The Initial Public Offering (IPO) buzz of yesteryear has been drowned out by the doom and gloom of 2022’s bear market.
Traditional IPOs raised just over $5 billion in the first eight months of this year, according to an August report from Dealogic. That is a mere sliver of 2021’s bonanza – IPOs generated over $100 billion over the same time period last year.
The market has cooled substantially this year in response to severe monetary tightening by the U.S. Federal Reserve. Tech firms have been among the hardest-hit sectors. The Nasdaq 100, which tracks the hundred top tech firms, ended the second quarter of 2022 down 29% Year-to-Date, compared to a 20% retreat seen by the S&P 500, which tracks the largest 500 caps across all sectors. With sentiment at such lows, startups are keeping clear of the IPO launchpad lest they be left stranded on the tarmac.
There have been just 166 new companies listed on U.S. stock markets this year as of October 2022. This is 80% less than this time last year, by which point 819 IPOs had taken place.
IPOs ride the momentum of the broader market, typically increasing during bull runs and dwindling amid bearish periods. Currently, there is a notable lack of demand for IPOs as investors shy away from big bets on market newcomers.
“Investors are really risk adverse at this moment, and that’s what’s really impacting the lack of (IPO) activity,” Rachel Gerring, EY Americas IPO Leader, told CNBC in a mini-documentary on the topic. “They (investors) are looking for companies that focus on growth and profitability, as opposed to the growth at all costs we saw last year.”
Yet there is a slowdown on the supply side, too, as founders hold back from going public. Thanks in part to last year’s fundraising boom, more startups have the cash reserves needed to wait for the markets to turn.
“While IPOs raised a record amount in 2021, so did the private markets,” Matthew Kennedy, Senior Strategist at Renaissance Capital, told CNBC. “Tech unicorns especially are sitting on massive war chests, and that’s allowed them to wait out the storm in 2022.”
Yet there is more than one way to go public, and alternatives to the traditional IPO, such as Special Purpose Acquisition Companies (SPACs) or spinoffs, could, under certain conditions, pave the way for more companies to keep listing amid the slowdown. The fate of SPACs, which briefly became Wall Street’s favorite fundraising vehicle in the last couple of years, may be particularly instructive.
Pick Your SPAC
SPAC were one of the hallmarks of the recent IPO boom. Although SPACs have been around for decades, it is only recently that they have risen to prominence.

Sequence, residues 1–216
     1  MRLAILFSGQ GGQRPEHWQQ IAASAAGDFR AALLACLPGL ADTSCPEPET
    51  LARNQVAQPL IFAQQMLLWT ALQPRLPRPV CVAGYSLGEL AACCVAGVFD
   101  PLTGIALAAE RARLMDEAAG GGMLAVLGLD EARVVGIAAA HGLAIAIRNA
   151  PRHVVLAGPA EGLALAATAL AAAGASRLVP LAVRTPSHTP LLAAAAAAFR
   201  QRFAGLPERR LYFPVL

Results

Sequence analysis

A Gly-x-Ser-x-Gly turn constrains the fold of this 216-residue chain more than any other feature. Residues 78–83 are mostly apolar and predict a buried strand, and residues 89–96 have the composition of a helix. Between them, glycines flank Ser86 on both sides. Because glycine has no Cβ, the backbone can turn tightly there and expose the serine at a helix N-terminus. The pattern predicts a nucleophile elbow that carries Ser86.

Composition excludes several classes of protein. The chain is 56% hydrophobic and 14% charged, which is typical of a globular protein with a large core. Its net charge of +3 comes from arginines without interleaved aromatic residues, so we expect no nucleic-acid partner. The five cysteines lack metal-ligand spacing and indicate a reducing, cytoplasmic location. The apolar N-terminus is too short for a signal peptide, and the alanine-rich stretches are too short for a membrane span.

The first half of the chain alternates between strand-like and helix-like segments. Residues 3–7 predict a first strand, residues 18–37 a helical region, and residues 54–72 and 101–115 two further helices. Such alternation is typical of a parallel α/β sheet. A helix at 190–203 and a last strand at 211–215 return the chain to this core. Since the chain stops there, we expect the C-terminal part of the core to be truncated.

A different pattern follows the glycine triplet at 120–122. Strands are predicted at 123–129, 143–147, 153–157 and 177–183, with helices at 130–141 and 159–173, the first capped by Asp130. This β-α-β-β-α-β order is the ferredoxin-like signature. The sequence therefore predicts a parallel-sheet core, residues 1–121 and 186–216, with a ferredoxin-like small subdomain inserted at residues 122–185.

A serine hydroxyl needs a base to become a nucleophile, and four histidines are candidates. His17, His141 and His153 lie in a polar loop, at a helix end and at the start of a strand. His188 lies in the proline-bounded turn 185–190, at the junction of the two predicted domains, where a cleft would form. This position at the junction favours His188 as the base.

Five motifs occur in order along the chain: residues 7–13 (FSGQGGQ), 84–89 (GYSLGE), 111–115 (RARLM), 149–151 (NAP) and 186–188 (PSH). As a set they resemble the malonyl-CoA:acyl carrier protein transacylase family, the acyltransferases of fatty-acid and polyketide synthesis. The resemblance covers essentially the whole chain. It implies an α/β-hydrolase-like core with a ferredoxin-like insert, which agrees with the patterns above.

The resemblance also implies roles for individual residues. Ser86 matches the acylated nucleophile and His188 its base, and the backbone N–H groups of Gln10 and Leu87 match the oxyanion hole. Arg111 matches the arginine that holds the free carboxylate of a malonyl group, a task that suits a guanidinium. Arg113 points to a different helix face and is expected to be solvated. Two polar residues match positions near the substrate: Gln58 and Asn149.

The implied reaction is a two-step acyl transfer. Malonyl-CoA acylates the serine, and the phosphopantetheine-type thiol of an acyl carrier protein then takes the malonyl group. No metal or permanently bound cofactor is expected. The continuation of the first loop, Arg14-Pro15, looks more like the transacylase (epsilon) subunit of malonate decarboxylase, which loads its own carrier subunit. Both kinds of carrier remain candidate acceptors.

A SPAC is a “blank check” shell company with no assets or products of its own. It is formed with the express intention of taking over a profit-generating “target” company. The SPAC raises funds for the acquisition through the IPO and then tries to buy the target company. Once the merger is complete, the newly combined company remains traded on the stock market.
SPACs boast several structural advantages over traditional IPOs. These include bypassing certain regulatory hurdles and maintaining greater control over the initial pricing of the first released stock.
Through the 2010s, there were never more than 100 SPACs created in the U.S. in a given year. That changed in 2020, when a whopping 247 occurred, attracting a total of $80 billion in investor capital. That was topped last year with a record 295 created over 2021, generating over $96 billion in capital.
SPACs have fallen on harder times this year, with just 79 in 2022 so far.
Yet some buzzworthy ones are on their way. One upcoming SPAC IPO to watch for is Intuitive Machines, a space company that has a valuation of around $1 billion.
IPOS in the pipeline
Despite the broad market downturn, a number of big brand names are positioning themselves to go public in the near future.
MobilEye, an Intel-owned autonomous driving firm, filed terms for its IPO on October 18, aiming for a valuation of over $15 billion. When the spinoff was announced last year, MobilEye was valued at around $50 billion. Even though taking MobileEye public now would certainly generate a smaller valuation than during a bull market, Intel is apparently desperate for capital to fund its core business – chipmaking.
Stripe is another IPO giant on the horizon. The payment processing unicorn registered its plans to go public last year, yet no announcement has been made since. When Stripe does eventually go public, it could become one of the largest-ever IPOs, having been previously valued at a jaw-dropping $95 billion. Its co-founders, John and Patrick Collison have since taken its valuation down a few pegs to $74 billion in July, citing the current climate in the financial markets.
Public offerings may remain in hibernation for some time yet as bear market jitters prevail. When the market eventually turns, the IPO season could heat up again as startups get off the benches and jump into the playing field. Investors will be keeping an ear to the ground for the big newcomers so they can get in on the action that follows.
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This article was produced by and syndicated by Wealth of Geeks.
Liam Gibson is a journalist based in Taiwan who regularly publishes in Al Jazeera, Nikkei Asia Review, Straits Times, and other international outlets. He also runs Policy People, a podcast and online content platform for think tank experts.